A few months ago I came across a video of Shina Nova learning throat singing from her mother Kayuula. Shina shares her videos on TikTok to bring the traditions of the Inuk and Inuit Indigenous culture to the masses.
Whenever I hear music like this or see videos like this I get goosebumps and sometimes tears come to my eyes. It touches me deeply to see and hear how music connects souls and how different musical traditions and cultures exist in the world.
During my brief studies in musicology, I already dealt with the topic of the voice as an instrument and gave a lecture on various singing techniques, and I remember the excursion into throat singing, which fascinated me. For years now I have harbored the desire, if I can finance it, to travel to different countries and go to the school of masters of their style of singing. Be it throat singing, the various chants of the Asian continent, yodeling, scatting, or beat-boxing. There is something wonderful, healing, and unifying about traditional music see the following video of two sisters from Canada traveling the country to share their singing with people! Look at the faces of the listeners:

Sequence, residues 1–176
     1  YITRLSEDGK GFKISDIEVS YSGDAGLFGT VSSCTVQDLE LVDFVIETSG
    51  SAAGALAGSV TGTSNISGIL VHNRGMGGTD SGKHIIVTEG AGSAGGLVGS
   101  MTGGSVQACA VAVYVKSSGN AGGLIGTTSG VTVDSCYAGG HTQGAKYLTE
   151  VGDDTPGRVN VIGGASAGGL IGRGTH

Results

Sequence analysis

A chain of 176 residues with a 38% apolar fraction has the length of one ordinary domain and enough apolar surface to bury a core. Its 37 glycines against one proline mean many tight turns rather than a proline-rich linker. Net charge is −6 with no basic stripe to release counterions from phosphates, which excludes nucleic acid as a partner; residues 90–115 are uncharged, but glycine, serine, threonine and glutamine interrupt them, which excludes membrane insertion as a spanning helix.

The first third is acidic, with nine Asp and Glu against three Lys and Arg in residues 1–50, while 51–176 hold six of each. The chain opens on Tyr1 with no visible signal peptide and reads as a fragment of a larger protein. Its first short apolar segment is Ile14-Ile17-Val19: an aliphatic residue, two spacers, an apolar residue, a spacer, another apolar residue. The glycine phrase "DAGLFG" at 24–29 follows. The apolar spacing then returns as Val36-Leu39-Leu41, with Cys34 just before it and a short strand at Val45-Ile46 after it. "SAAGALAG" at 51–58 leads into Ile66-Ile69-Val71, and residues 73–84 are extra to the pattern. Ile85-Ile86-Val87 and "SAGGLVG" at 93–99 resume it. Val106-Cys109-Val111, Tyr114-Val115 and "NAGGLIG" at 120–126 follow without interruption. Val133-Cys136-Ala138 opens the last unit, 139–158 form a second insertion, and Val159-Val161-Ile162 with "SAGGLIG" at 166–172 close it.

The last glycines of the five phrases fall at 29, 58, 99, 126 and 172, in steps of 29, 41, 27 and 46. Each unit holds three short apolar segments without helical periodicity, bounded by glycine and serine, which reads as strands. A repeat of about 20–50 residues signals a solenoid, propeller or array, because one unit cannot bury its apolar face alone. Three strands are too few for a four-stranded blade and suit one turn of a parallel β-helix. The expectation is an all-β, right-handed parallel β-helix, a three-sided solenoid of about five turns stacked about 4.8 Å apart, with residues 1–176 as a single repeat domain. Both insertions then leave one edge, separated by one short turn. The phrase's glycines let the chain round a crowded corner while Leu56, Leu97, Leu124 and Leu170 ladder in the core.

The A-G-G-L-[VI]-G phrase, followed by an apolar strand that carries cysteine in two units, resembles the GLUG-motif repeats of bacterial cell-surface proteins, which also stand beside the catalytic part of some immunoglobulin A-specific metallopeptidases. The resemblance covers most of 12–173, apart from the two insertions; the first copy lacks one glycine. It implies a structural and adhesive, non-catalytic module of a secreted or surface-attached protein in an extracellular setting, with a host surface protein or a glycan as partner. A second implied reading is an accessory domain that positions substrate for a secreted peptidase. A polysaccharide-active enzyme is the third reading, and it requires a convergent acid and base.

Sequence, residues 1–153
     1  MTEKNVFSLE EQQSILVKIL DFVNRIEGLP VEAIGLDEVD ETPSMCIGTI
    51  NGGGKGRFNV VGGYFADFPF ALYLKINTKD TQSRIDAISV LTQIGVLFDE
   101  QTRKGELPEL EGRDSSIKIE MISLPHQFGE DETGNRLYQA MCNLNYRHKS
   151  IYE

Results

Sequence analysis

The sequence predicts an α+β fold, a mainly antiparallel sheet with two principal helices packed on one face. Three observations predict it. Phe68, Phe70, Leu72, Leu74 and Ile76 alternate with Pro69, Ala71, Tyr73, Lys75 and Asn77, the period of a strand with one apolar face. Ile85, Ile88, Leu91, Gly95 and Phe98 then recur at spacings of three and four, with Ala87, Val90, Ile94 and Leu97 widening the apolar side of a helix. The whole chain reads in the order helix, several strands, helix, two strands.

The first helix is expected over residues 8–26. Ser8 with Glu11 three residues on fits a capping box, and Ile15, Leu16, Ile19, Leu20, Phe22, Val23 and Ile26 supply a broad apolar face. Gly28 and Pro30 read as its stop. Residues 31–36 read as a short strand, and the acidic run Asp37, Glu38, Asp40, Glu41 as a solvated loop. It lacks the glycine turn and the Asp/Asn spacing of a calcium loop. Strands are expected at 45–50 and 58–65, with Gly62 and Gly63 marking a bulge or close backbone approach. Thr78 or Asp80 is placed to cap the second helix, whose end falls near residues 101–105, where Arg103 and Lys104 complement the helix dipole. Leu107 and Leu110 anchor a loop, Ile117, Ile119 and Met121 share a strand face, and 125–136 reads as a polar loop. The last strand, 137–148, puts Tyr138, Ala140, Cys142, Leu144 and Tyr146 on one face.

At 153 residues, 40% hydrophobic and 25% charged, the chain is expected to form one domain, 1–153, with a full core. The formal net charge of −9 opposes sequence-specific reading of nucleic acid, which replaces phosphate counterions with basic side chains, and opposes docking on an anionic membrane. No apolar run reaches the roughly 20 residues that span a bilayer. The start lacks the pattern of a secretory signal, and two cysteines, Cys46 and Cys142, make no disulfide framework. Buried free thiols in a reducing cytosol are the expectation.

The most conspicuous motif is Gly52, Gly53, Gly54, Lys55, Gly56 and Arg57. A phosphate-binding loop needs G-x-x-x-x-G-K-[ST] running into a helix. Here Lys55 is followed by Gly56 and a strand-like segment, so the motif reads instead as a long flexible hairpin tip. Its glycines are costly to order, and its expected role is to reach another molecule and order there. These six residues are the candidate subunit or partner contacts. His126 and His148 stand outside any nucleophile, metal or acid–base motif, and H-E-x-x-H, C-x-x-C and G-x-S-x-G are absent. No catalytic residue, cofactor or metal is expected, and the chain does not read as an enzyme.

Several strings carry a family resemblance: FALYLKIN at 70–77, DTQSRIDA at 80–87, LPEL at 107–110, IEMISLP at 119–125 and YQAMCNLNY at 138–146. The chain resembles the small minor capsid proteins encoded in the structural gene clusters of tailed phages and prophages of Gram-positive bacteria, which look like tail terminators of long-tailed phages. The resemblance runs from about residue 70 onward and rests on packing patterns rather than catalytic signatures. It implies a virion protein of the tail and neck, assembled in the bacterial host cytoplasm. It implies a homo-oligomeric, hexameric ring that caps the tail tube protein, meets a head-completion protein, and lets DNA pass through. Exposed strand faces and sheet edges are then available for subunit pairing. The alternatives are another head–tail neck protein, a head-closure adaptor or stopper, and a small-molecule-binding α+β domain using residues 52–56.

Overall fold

Historically, Katajjaq was performed by women (although there are also men who practice it) while the men were out hunting. The singing style, was traditionally used to sing babies to sleep. However, it can also be performed as a game in which two Inuit women face each other to see who can outlast the other. As for the contest itself, one singer leads and controls the tempo, and the other follows with either the same sound (albeit offset) or a complementary sound. The leader later increases the tempo to see if the follower can keep up, and they usually laugh when they mess up. The sounds are primarily related to what they hear outside in nature. Themes of nature, animals, and love, mostly play a role in the songs, making them a meaningful and heartfelt representation of Inuit culture.
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